Dairygold’s Niall Sheehan discusses why Cork makes good business sense

niall sheahanHow do you find Cork as a location to do business?
A vibrant and youthful city, Cork is an ideal location to do business. The city has a track record of attracting international investment with over 137 overseas companies operating successfully in the area, and a workforce of well over 22,500 people. A strategic hub, several of the world’s key corporate occupiers are situated in the Cork region – including Apple, Amazon, VMWare, Boston Scientific and Johnson & Johnson.

If you were describing Cork to someone who did not know much about the place what would you say?
Cork is a distinctly unique location, a metropolitan mix of culture and commerce all rolled into one. Cork is known as Ireland’s food capital, and we have the Wild Atlantic Way right on our doorstep. The city has a pulsing work/life balance and a thriving commercial hub. It has a totally unique sense of identity.

From your point of view what are the biggest advantages to operating a business in Cork?
Cork has massive advantages to offer businesses. The region’s scale is extremely convenient, in that it operates very efficiently for corporations of all sizes. Energetic and youthful, the city has long been characterised by commerce and enterprise. The city enjoys both indigenous and international corporate occupiers, offering unrivalled experience and industry insights. The region is also extremely accessible and connected.

How would you describe the quality of the indigenous workforce in Cork?
The quality of the indigenous workforce in Cork is second to none. The region has a large talent pool with over 30,000 third-level students. The city’s two primary third-level institutions – Cork Institute of Technology (CIT) and University College Cork (UCC) – as well as several further-education centres such as St John’s Central College, Cork College of Commerce and Coláiste Stiofáin Naofa, all offer an extremely capable workforce.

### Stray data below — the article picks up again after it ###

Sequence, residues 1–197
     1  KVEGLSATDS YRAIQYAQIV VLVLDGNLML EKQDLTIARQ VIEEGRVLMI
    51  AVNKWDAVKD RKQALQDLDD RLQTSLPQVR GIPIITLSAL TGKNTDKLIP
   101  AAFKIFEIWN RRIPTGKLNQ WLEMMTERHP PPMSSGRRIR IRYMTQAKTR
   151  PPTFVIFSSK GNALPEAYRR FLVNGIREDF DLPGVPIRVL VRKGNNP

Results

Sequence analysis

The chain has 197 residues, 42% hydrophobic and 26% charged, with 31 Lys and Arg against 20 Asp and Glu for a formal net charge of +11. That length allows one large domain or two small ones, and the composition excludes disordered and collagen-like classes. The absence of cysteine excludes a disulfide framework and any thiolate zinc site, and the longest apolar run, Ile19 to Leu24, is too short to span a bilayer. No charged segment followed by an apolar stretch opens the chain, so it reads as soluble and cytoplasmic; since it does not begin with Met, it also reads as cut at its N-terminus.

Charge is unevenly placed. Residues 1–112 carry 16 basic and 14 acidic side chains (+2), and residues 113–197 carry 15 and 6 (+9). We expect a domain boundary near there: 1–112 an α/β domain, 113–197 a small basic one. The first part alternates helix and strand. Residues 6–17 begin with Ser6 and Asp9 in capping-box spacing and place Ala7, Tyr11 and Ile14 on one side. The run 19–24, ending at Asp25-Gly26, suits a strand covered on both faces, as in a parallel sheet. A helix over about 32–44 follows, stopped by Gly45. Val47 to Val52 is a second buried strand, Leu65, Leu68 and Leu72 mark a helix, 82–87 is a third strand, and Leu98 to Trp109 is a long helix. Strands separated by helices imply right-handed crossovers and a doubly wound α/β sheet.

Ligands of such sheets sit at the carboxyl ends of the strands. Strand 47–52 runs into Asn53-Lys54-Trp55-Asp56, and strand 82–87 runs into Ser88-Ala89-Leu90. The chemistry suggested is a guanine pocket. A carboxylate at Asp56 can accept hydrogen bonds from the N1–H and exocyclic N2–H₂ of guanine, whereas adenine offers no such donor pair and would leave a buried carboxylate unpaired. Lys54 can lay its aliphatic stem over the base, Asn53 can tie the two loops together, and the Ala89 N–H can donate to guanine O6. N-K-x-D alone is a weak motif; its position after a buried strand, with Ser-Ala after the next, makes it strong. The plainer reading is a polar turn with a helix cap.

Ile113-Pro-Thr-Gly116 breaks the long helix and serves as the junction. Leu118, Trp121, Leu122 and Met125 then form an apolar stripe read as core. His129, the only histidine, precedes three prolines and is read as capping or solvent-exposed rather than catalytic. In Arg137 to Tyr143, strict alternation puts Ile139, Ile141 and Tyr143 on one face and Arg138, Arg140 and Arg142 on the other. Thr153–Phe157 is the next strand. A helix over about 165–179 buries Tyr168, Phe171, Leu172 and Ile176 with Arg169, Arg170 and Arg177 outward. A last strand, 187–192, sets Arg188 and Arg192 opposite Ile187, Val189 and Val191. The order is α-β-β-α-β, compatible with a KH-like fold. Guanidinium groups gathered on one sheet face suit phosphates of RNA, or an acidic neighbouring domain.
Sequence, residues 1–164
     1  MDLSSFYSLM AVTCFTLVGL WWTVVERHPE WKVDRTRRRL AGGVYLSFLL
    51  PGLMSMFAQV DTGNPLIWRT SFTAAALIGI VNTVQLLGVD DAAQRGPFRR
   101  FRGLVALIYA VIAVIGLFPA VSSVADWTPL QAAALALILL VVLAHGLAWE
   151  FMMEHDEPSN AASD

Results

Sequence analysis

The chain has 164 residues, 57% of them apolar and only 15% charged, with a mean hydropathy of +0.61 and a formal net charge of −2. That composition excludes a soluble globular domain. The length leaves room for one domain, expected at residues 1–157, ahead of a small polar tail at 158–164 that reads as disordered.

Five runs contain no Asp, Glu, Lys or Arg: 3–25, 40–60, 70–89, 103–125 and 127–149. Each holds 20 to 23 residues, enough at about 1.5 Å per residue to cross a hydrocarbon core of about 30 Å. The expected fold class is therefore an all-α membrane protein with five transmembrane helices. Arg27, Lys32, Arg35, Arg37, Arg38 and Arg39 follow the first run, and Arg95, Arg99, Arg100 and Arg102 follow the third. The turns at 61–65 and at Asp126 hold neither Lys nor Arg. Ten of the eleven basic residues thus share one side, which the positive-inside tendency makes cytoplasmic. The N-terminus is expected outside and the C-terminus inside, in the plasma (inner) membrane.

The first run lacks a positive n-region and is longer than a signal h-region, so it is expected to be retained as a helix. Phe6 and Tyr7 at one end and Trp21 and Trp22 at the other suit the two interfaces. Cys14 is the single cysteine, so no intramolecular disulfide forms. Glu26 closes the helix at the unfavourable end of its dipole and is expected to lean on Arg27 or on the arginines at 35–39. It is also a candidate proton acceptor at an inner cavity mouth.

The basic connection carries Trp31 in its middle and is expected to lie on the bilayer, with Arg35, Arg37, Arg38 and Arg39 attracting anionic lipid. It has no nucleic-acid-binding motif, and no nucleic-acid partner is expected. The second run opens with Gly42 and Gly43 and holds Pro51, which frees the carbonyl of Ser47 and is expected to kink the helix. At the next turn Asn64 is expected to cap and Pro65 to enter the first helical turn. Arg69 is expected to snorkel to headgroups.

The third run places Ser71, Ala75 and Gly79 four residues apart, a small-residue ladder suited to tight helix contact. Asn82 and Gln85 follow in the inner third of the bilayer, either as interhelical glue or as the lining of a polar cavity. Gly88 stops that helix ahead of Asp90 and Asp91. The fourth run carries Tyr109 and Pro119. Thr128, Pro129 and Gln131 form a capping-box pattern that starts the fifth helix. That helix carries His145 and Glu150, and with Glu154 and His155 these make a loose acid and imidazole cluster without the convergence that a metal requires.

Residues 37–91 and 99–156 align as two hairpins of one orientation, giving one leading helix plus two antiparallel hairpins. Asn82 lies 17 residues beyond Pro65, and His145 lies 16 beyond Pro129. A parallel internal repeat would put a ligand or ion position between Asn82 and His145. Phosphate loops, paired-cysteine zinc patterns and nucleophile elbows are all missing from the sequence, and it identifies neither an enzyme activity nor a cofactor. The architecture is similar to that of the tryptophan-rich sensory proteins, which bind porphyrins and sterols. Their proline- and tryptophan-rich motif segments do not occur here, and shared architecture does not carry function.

Could you describe the general work ethic that you have experienced in Cork?
The people of Cork have one of the best work ethics in the country; they are an extremely motivated, inspiring workforce. Employees in Cork strive for a balanced work/life approach, enjoying the varied cultural and social lifestyle the region has to offer, complimentary to the city’s bustling commercial attitude.

What is the general consensus of your team about working and living in Cork?
My team’s attitude to working and living in Cork is an overwhelmingly positive one. The city is rapidly growing from strength to strength, both commercially and culturally. The region boasts a varied selection of experiences, from retail, dining and entertainment, anything from heritage pubs to cool nightclubs and key places of interest like The English Market and Cork Opera House.

How would you describe your personal experience of living and working in Cork?
My personal experience of living and working in Cork is similar to the team’s own experience; a thoroughly enjoyable one! The city has a mix of both young and old, and there is without a doubt something to please everyone. The pride people take in the city is contagious.

Is it a good place to raise a family?
Cork is a great place to raise a family, offering exceptional quality of life to its inhabitants. The region offers an easier pace of life to Dublin, with less commuting, less cost of living and friendly locals. Cork is a genuine student city of international scale, offering a wide choice of educational routes at all levels. A city of cultural spirit, there are family-friendly attractions dotted around the map, and you’re always just a short drive from fresh country air.

What is the one stand out feature about Cork that has resonated with you?
Cork’s connectivity is without a doubt a stand-out feature. An exciting commercial quarter, the city is exceptionally well serviced by public transport facilities and a series of pedestrianised streets. Cork Airport – Ireland’s second busiest airport, serving over 2.1 million passengers across 50 routes to the UK and continental Europe – is approximately 10 minutes by car to the city centre. Kent Train Station – just 10 minutes from the city centre by foot – sees hourly trains from Cork to Dublin Heuston. Cork is also fast becoming Ireland’s internet hub, with the vast majority of businesses operating in the city being served by fibre optic connectivity.